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OPTOELECTRONICS LED lightbulbs access Internet to pave the way for energy saving LiFi technology Chinese scientists have claimed that Wi-fi connectivity from a LED lightbulb (LiFi) is now a step closer. Li-fi promises to be a cheaper and more energy-efficient technology than existing wireless radio systems. The general availability of LED bulbs and the omnipresence of lighting infrastructure offers major energy efficiency benefits. Although millions of WiFi base stations have been installed worldwide to boost signals most of the energy is consumed by their cooling systems. The energy utilization rate of WiFi is as low as five percent. Compared with base stations, the number of lightbulbs that can be used is practically limitless and more energy efficient. The Chinese scientists claim that a LED lightbulb with embedded microchips can produce data rates as fast as 150 megabits per second, which is speedier than the average broadband connection in China. Chi Nan, an information technology professor with Shanghai’s Fudan University said that experiments have shown that four computers under a one-watt LED lightbulb may be able to connect to the Internet under the principle that light can be used as a carrier instead of traditional radio frequencies, as in WiFi. Chi Nan, who leads a LiFi research team including scientists from the Shanghai Institute of Technical Physics of the Chinese Academy of Sciences, plans to display ten sample LiFi kits at the China International Industry Fair that opens on November 5, 2013 in Shanghai. LiFi technology www.lifi-led.com Sensor captures images and gestures Siliconfile Technologie, a South Korean developer of CMOS image sensors, has teamed up with Dual Aperture Inc. (Palo Alto, Calif.) to build an image sensor that can capture real-time distance information at the same time as taking pictures. The ability to do this on a single image sensor, as opposed to dual sensors typically used for 3D image capture, would be a boon to gesture recognition systems, the companies said. Startup Dual Aperture has developed a four-color sensor that includes, red, green, blue and infra-red pixels, instead of the traditional GRGB Bayer filter pattern. The sensor uses two separate apertures, one for the RGB spectrum and the other for the IR spectrum, to simultaneously capture two distinct images with different sharpness levels. Under the terms of the agreement Dual Aperture will license the technology to Siliconfile which will then include the technology, together with related image processing algorithms and application software, into sensors and sensor modules. Such sensors will be able to both capture and reconstruct a conventional color image but also provide real-time depth information. The depth information can be used to support refocusing of lens systems and also support the preparation of 3D image pairs for stereoscopy and for gesture tracking. Dual Aperture www.dual-aperture.com 34 ew14_Electronic 190x136_EE_Engineering TimesEurope_Wissen.Times indd Europe 1 November 2013 www.electronics-eetimes.17.10.13 com 10:51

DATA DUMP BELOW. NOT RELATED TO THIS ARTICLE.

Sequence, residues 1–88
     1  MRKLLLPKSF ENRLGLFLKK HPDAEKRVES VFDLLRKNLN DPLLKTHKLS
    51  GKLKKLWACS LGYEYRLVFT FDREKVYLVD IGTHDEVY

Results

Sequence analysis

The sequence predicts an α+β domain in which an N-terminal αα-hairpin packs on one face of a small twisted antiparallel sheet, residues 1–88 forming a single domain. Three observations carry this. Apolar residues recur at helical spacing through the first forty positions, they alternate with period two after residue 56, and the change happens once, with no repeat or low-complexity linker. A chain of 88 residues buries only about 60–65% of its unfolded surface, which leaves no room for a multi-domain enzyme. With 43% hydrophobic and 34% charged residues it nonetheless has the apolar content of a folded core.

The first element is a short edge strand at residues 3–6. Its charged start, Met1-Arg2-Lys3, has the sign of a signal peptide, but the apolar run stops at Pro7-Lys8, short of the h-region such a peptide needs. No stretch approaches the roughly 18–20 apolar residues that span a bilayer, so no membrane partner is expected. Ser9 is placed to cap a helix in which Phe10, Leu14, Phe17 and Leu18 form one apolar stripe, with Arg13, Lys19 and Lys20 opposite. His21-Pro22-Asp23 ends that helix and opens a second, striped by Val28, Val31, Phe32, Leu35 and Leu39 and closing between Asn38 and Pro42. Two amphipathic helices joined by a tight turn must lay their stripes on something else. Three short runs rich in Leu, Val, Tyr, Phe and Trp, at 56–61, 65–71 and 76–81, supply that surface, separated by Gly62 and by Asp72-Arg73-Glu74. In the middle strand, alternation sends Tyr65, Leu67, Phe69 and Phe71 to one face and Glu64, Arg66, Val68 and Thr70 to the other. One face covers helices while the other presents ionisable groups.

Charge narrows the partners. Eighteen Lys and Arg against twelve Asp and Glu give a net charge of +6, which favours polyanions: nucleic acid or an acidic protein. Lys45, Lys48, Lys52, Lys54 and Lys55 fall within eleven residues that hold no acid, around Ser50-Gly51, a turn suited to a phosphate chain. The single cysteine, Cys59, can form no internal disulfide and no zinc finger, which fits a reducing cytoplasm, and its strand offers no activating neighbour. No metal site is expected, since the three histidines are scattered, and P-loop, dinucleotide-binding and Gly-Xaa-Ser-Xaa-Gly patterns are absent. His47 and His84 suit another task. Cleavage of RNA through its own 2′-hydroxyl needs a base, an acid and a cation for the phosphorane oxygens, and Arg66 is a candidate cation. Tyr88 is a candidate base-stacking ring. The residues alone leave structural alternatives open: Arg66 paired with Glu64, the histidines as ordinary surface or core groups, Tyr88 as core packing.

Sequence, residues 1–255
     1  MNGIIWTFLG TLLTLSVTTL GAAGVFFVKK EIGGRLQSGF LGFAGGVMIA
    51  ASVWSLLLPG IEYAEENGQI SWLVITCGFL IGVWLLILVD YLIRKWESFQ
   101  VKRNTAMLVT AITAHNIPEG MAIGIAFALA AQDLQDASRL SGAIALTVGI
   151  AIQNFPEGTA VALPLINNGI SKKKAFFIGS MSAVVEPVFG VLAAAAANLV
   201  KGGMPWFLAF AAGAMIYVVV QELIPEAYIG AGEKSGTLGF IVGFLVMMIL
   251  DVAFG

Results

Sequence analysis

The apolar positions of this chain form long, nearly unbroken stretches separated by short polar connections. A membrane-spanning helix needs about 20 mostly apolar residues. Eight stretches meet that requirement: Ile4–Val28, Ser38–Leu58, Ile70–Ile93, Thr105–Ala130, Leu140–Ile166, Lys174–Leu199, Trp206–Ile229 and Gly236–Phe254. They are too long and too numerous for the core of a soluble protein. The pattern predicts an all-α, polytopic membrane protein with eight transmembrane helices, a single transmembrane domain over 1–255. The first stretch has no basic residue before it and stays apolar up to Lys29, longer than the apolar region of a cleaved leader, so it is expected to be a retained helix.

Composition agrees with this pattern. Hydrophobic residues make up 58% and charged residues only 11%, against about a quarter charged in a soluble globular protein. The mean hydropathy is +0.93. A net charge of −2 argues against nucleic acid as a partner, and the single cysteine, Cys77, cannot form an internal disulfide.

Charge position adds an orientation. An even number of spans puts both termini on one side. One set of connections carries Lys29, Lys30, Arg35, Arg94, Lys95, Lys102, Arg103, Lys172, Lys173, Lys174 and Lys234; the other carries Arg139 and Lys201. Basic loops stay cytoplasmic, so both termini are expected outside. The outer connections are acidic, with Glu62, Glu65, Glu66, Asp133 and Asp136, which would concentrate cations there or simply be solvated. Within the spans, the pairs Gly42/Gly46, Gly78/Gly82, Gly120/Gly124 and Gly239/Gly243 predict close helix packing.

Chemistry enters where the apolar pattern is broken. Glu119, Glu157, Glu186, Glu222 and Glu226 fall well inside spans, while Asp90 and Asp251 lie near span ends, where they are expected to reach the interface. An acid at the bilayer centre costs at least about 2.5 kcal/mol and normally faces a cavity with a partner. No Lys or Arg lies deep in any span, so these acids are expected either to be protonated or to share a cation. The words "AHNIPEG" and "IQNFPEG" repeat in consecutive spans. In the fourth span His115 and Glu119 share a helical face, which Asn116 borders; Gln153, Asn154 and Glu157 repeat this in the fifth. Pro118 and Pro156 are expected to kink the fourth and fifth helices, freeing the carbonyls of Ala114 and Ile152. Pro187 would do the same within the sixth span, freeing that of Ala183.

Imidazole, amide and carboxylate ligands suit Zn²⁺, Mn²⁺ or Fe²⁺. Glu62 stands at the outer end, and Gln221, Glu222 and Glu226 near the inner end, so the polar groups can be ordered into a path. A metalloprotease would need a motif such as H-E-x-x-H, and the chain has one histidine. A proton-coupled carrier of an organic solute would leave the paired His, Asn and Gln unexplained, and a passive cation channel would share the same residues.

EETE NOV 2013
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